The European origins of economic development

William Easterly, Ross Levine

03 February 2017

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Editor's note: This column first appeared as a chapter in the Vox eBook, The Long Economic and Political Shadow of History, Volume 1, available to download here.

Countries have followed divergent paths of economic development since European colonisation. Some former colonies, such as the Congo, Guinea-Bissau, Malawi, and Tanzania, have experienced little economic development over the last few centuries, with current per capita GDP levels of about $2 per day. Others, including Australia, Canada, and the US, are among the richest countries in the world today, with per capita GDP levels of about $140 per day. Others fall along the spectrum between these extremes.

To explain these divergent paths, many researchers emphasise that the European share of the population during colonisation shaped national rates of economic growth through several mechanisms. For example, Engerman and Sokoloff (1997) and Acemoglu et al. (2001, 2002) stress that European colonisation had enduring effects on political institutions. They argue that when Europeans encountered natural resources with lucrative international markets and did not find the land, climate, and disease environment suitable for large-scale settlement, only a few Europeans settled and created authoritarian political institutions to extract those resources. The institutions created by Europeans in these ‘extractive colonies’ impeded long-run development. But, when Europeans found land, climate, and disease environments that were suitable for smaller-scale agriculture, they settled, forming ‘settler colonies’ with political institutions that fostered development.

Other researchers focus less on what Europeans found and more on what Europeans brought. Engerman and Sokoloff (1997) and Glaeser et al. (2004) argue that Europeans brought human capital and human capital creating institutions that shape long-run economic growth. According to this human capital view, European settlers directly and immediately added human capital skills to the colonies and also had long-run effects on human capital accumulation. These long-run effects emerge because human capital disseminates throughout the population over generations and it takes time to create, expand, and improve schools. Furthermore, this human capital view suggests that having a larger share of Europeans during colonisation could facilitate human capital accumulation across the entire population, both because it would increase interactions among people of European and non-European descent and because it might accelerate expanded access to schools.

These views yield two testable implications: (1) the proportion of Europeans during colonisation will be positively related to the democratic political institutions and human capital development that yield higher levels of economic development today; and (2) the proportion of Europeans during colonisation will matter more for economic development than the proportion of the population of European descent today because of (a) the enduring effects of political institutions, and (b) the slow dissemination of human capital and creation of well-functioning schools. Although the political institutions and human capital views emphasise different mechanisms, they provide closely aligned predictions about the impact of colonial European settlement on current economic development.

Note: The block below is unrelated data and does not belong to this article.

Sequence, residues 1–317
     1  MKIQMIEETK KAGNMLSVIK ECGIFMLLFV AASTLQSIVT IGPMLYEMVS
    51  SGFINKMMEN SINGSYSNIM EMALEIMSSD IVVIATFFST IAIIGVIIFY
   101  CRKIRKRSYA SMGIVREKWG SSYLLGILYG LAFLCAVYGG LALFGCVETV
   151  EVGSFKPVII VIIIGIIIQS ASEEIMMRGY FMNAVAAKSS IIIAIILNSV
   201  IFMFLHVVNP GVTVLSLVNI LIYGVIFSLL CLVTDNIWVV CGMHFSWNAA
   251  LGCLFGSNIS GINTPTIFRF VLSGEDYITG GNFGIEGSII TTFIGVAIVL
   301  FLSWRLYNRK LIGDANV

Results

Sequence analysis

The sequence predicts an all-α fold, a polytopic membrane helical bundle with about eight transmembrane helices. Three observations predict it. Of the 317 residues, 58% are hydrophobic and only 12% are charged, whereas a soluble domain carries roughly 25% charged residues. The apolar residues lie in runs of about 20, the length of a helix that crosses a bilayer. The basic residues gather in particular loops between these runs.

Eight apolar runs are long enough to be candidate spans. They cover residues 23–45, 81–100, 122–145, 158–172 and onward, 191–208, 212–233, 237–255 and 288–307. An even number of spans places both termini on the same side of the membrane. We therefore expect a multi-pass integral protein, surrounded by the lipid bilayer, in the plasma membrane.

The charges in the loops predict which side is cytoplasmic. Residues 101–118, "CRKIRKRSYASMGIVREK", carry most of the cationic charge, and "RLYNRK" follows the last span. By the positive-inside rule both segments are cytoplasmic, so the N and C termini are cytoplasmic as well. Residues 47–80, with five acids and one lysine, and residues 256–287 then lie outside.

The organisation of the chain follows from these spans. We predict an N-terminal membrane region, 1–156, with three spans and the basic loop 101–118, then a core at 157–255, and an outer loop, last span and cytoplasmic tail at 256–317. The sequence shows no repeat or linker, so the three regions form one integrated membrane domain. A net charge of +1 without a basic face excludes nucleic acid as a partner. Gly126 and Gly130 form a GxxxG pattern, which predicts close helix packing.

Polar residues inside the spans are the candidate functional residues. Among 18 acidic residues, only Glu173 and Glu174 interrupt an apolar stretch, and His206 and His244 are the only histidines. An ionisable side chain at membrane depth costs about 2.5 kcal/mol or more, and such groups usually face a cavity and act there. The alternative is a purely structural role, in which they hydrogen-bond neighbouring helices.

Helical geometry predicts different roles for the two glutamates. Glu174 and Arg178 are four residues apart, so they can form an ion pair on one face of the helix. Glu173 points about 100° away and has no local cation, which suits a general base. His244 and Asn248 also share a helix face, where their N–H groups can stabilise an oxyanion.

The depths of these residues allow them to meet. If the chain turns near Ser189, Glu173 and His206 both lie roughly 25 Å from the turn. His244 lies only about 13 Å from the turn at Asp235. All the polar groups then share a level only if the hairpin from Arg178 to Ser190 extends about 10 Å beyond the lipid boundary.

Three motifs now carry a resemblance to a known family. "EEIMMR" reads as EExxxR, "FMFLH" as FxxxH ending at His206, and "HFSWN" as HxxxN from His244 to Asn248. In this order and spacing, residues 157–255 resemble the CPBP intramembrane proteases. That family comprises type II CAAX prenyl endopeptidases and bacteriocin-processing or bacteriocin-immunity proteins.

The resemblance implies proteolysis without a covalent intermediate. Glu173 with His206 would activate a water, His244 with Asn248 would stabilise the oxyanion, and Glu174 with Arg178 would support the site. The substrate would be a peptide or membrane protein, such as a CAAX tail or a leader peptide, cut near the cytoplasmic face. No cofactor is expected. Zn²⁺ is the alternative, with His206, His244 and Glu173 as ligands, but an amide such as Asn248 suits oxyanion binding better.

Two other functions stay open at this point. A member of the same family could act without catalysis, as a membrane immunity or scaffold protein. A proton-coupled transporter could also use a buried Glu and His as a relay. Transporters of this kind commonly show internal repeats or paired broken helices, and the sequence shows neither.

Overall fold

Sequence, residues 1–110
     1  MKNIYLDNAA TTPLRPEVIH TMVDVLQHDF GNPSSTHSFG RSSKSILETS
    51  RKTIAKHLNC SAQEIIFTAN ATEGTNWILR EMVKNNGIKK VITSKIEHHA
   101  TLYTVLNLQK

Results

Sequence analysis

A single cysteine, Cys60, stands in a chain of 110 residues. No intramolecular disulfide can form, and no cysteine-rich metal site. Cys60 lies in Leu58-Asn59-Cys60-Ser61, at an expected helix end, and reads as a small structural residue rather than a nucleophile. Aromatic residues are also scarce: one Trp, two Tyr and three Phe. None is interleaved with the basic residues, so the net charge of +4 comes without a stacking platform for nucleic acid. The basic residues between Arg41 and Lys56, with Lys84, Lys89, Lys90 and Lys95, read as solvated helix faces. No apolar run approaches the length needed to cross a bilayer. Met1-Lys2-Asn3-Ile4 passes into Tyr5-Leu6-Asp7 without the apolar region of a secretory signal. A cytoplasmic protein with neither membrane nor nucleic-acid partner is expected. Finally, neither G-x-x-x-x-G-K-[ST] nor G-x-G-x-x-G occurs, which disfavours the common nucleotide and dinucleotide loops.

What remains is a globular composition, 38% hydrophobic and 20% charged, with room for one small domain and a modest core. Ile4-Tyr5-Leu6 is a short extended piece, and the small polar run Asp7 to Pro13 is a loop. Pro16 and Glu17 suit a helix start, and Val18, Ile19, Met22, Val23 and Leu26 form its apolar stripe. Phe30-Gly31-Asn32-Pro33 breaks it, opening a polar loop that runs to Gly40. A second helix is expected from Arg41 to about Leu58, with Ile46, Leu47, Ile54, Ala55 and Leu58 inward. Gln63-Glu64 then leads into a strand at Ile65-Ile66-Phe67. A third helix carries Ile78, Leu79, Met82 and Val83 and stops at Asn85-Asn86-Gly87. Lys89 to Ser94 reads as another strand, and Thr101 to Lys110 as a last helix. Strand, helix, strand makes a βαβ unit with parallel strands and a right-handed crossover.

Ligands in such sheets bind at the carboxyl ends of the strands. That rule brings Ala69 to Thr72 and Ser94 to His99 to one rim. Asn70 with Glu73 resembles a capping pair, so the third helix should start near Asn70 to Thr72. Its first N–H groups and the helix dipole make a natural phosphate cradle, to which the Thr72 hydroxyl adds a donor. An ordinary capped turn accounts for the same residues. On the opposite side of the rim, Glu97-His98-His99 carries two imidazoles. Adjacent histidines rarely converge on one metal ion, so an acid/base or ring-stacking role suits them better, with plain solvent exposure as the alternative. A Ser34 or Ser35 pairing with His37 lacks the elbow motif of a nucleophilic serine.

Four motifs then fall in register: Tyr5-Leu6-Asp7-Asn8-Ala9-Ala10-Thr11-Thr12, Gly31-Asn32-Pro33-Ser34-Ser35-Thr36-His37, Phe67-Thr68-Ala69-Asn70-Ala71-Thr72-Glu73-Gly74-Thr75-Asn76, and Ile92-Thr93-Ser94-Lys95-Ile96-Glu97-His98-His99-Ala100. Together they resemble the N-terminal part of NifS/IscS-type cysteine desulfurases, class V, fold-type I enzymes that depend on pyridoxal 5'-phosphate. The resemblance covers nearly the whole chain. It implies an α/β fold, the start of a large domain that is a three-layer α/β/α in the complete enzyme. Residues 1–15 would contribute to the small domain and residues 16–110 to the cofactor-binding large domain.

Other researchers, either explicitly or implicitly, highlight additional mechanisms through which European migration had positive or negative effects on development. North (1990) argues that the British brought comparatively strong  political  and legal institutions, which were more conducive to economic development than the institutions brought by other European nations. Spolaore and Wacziarg (2009) stress that the degree to which the genetic heritage of a colonial population was similar to that of the economies at the technological frontier positively affected the diffusion of technology and thus economic development. Putterman and Weil (2010) and Chanda et al. (2014) emphasise that the experiences with statehood and agriculture of the ancestors of people currently living within countries help to explain cross-country differences in economic success. Comin et al. (2011) find that the ancient technologies of the ancestors of today’s populations help predict current levels of per capita income. In all of these papers, the ancestral nature of a population – which was reshaped by European colonisation – helps account for cross-country differences in economic development today.

Although this considerable body of research emphasises the effect of European settlement during colonisation on subsequent rates of economic development, what has been missing in the empirical literature is the key intermediating variable: colonial European settlement. While researchers, including Acemoglu et al. (2001, 2002), have examined the European share of the population in 1900, this is well after the colonial period in several countries, including virtually all of the Western Hemisphere. To the best of our knowledge, researchers have not directly measured colonial European settlement and examined its association with current economic development.

In a recent paper, we construct a new database on the European share of the population during colonisation and use it to examine the historical determinants of colonial European settlement and the relation between colonial European settlement and current economic development (Easterly and Levine 2016).1 Although we do not isolate the specific mechanisms linking colonial European settlement with current levels of economic development, as emphasised in each of the individual theories discussed above, we do assess the core empirical predictions emerging from the literature on the relationship between European settlement and economic development: namely that (1) the proportion of Europeans during colonisation is positively related to economic development today; and (2) the proportion of Europeans during colonisation is more important, in accounting for cross-country differences in current economic development, than the proportion of the population of European descent today.